Research ArticleNETWORK SCIENCE

Cumulative effects of triadic closure and homophily in social networks

See allHide authors and affiliations

Science Advances  08 May 2020:
Vol. 6, no. 19, eaax7310
DOI: 10.1126/sciadv.aax7310
  • Fig. 1 Mechanisms of triadic closure and choice homophily.

    (A) A focal node selected uniformly at random (node at the center with green boundary) finds a candidate neighbor by either (B) selecting a node uniformly at random with probability 1 − c or by (D) closing a triangle with probability c. (C and E) For a focal node in group i, the candidate neighbor in group j is accepted with bias probability Sij (where i, j ∈ {a, b}). We parametrize Sij with tunable parameters sa, sb such that Saa = sa, Sbb = sb, Sab = 1 − sa, and Sba = 1 − sb. If the potential edge [dashed line in (B) and (D)] is accepted, an edge of the focal node (selected uniformly at random) is replaced by one between the focal and candidate neighbor nodes. Otherwise no edges are rewired. (F) Probability (T2)aa of choosing a candidate neighbor with triadic closure from the same group as the focal node (a) as a function of observed homophily oa = Taa for equally sized (na = nb) and equally connected groups (Taa = Tbb and Tab = Tba = 1 − Taa). If the network is not randomly mixed (Taa ≠ 1/2), the probability of triadic closure choosing two nodes of the same group is always larger than the same probability if the selection is done uniformly at random (1/2), implying that triadic closure amplifies existing observed homophily in the network (or suppresses heterophily). However, triadic closure without choice homophily is not enough to maintain the observed homophily in the network, which would make (T2)aa equal to observed homophily (dotted and solid lines cross). An exception is the case Taa = 1, where two completely separate components exist, and triadic closure cannot create edges between them.

  • Fig. 2 Interplay between triadic closure and choice homophily.

    (A) Schematics of the stationary states the network can converge to during the rewiring process (stable fixed points of the model dynamics based on a mean-field analysis; see the Supplementary Materials). Continuous (dashed) lines represent large (low) intra- and intergroup connectivity. The homophily amplification fixed point 0 has many edges within groups and a few between (high Taa and Tbb values). In the core-periphery fixed point + (−), the large (small) group forms the core and attracts edges from the small (large) periphery group: Tab and Tbb (Tba and Ta) are high, while Taa and Tba (Tbb and Tab) are low (see the Supplementary Materials for details on fixed point classification). (B) Observed homophily oa = Taa (fraction of neighbors in the same group of a focal node in group a) at the end of the dynamics as a function of choice homophily s = sa = sb. Group sizes are equal (na = nb), and triadic closure probability c is varied. Mean-field calculations (solid lines correspond to stable fixed points and dashed lines to unstable ones) and numerical simulations (crosses) agree very well (see the Supplementary Materials for systematic analysis). Inset: Case c = 0.9 where both stable/unstable points (continuous/dashed lines) exist. Since na = nb, fixed points +/− are equivalent, but for suitable choice homophily (0.56 < s < 0.70), one group becomes the core and the other periphery depending on the initial network and/or random chance.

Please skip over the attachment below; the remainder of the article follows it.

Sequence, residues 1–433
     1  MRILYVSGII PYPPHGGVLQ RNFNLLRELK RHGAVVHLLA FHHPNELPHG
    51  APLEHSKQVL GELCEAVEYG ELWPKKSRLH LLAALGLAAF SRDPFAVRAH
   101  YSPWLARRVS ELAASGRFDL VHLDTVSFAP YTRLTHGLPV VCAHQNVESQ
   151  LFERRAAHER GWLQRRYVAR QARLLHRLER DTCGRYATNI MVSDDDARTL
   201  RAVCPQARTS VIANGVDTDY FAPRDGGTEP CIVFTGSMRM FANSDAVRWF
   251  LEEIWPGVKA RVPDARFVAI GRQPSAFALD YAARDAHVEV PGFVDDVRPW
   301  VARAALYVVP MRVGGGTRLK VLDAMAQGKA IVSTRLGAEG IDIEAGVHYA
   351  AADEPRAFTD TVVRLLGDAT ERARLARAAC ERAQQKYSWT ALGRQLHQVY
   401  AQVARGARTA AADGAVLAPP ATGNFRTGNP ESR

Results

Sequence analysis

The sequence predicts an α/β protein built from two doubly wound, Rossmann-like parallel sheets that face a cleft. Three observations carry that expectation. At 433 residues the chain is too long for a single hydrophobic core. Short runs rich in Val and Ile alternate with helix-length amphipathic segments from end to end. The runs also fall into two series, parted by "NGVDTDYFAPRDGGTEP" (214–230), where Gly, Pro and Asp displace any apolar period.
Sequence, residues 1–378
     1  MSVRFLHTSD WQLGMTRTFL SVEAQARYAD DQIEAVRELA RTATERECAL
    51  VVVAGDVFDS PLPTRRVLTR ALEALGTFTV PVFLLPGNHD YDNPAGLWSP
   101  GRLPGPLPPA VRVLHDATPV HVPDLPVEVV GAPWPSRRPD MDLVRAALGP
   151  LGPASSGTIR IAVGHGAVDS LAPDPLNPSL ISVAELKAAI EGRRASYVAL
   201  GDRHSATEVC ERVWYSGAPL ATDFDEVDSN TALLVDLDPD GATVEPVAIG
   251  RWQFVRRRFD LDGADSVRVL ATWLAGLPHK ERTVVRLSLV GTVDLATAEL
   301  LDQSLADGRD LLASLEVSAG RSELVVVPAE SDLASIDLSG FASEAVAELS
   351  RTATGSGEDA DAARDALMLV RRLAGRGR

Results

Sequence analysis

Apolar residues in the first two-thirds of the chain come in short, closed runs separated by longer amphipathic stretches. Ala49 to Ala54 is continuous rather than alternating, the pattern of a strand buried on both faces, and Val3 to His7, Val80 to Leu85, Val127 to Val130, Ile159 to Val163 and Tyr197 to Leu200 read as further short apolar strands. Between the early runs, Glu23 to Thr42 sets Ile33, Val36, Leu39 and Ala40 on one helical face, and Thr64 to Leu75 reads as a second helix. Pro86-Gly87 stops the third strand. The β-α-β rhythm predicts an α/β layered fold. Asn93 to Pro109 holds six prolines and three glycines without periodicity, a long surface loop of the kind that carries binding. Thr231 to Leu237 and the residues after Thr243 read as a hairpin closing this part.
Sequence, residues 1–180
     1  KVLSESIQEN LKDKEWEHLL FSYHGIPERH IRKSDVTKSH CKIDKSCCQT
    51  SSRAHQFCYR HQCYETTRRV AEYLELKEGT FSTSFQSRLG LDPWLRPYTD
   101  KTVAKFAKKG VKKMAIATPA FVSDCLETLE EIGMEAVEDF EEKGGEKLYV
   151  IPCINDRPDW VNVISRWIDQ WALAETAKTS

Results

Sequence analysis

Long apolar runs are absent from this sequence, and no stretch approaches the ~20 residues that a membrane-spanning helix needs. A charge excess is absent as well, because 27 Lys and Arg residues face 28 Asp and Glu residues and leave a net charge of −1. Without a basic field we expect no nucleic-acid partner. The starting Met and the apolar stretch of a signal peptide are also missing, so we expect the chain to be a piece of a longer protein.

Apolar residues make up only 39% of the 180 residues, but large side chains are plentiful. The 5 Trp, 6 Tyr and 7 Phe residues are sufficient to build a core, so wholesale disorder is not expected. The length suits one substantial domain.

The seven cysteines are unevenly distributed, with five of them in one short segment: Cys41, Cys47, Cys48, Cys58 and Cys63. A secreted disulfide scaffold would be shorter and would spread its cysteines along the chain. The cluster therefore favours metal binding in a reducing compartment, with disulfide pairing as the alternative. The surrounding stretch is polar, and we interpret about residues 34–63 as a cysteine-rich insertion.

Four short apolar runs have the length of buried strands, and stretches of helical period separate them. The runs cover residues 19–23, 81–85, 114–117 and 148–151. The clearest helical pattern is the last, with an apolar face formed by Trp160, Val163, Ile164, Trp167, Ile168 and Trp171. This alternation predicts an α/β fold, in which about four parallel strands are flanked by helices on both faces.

• Fig. 3 Phase diagrams of available fixed points.

    Areas of different shading correspond to parameter ranges in which the various fixed points exist (stable points 0, +, and − or the corresponding unstable points U0, U+, and U−) (see Fig. 2A). Note that unstable fixed points are saddle points with qualitatively similar relative connectivities than their stable variants. (Top) Choice homophily is the same for both groups (s = sa = sb), and fixed points are shown as a function of s and c. (Bottom) Choice homophily for the groups is varied, and fixed points are shown as a function of sa and sb. Here, the triadic closure probability is fixed to c = 0.95. (Left) Groups are of equal size (na = nb). (Right) Groups are of unequal size (na = 0.1). The dashed line corresponds to parameter values in Fig. 2B inset and the dot to Fig. 4A and 4B. Results in the main panel of Fig. 2B are in the white region with a single fixed point (0) (upper left panel).